On January 29, five days into massive pro-democracy protests that shook the nation of Egypt, Egyptian president Hosni Mubarak appointed his “close personal friend and confidante” Omar Suleiman as his vice president, the first in the nation’s modern history. While Suleiman’s appointment likely was an attempt to appease the protest movement, demonstrations did not cease, as many saw the move as little more than a reshuffling of the old government.
There are now signs, including statements by Secretary of State Hillary Clinton, that point to Washington and other Western capitals endorsing Suleiman as a possible transitional president to replace Mubarak and broker a compromise with protesters that could possibly lead to democratic reforms.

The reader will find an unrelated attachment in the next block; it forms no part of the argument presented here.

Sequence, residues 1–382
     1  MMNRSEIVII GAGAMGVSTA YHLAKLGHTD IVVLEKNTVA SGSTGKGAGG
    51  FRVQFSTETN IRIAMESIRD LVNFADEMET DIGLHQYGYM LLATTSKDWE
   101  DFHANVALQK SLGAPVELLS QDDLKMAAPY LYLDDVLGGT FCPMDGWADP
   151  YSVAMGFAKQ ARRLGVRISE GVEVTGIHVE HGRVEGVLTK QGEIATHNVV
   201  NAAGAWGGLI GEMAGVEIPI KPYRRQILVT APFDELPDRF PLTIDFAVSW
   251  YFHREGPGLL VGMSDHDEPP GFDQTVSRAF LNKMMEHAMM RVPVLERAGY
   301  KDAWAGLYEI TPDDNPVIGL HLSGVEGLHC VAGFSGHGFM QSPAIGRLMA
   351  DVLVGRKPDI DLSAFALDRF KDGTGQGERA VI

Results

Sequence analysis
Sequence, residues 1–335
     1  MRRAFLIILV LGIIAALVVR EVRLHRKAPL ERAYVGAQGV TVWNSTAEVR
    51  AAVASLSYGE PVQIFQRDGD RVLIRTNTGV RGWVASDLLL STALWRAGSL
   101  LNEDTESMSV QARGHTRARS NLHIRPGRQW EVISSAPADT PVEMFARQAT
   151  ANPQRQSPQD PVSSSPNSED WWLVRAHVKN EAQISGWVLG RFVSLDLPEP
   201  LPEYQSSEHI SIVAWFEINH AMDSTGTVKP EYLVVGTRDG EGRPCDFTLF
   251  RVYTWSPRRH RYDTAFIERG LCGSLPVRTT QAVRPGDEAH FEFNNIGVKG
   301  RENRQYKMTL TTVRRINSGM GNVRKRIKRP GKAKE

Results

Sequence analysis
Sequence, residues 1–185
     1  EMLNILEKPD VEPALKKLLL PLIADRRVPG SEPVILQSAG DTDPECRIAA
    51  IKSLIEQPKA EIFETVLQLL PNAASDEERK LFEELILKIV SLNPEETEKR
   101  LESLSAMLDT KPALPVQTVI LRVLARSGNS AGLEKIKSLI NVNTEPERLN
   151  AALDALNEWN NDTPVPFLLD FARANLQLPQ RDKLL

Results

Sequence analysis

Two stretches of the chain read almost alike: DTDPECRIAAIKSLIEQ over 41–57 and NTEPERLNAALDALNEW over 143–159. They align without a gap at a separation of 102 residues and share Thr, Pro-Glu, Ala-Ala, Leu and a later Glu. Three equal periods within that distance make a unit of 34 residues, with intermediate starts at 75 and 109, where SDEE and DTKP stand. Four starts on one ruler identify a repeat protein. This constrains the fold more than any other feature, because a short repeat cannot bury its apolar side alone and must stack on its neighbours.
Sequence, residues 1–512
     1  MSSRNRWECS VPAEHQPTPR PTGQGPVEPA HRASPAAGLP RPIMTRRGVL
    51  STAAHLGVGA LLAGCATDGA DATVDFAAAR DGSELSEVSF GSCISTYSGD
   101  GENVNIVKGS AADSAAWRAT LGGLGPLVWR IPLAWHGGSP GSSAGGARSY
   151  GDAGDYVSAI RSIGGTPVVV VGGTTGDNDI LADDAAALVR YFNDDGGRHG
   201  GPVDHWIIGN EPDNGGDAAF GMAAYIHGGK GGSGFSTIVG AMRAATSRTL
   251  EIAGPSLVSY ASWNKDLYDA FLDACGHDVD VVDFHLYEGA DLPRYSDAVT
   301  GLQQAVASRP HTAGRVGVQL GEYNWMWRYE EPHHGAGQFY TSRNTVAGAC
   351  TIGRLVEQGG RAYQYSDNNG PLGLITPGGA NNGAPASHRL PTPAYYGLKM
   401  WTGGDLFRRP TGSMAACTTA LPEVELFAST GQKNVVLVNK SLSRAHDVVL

While there may be a number of benefits to having Suleiman lead the transition — such as his stature as a high-level military official and history of negotiation with foreign powers — there are also a number of troubling facts about his history as Egypt’s intelligence chief, particularly related to his complicity in human rights abuses.
As Egyptian Intelligence Director, Suleiman headed up the feared Egyptian intelligence agencies. In this capacity, he also served as the country’s chief liaison to the American CIA’s rendition program, which shuttled terror suspects to countries, such as Egypt, where they could be tortured. Australian journalist Richard Neville recounts the story of how, in the case of detainee Mamdouh Habib, an Australian citizen, Suleiman ordered brutal torture. Read more
egypt: Will The West Endorse Human Rights Violator Omar Suleiman To Be Egypt’s Transitional President?Posted: February 6, 2011 in Uncategorized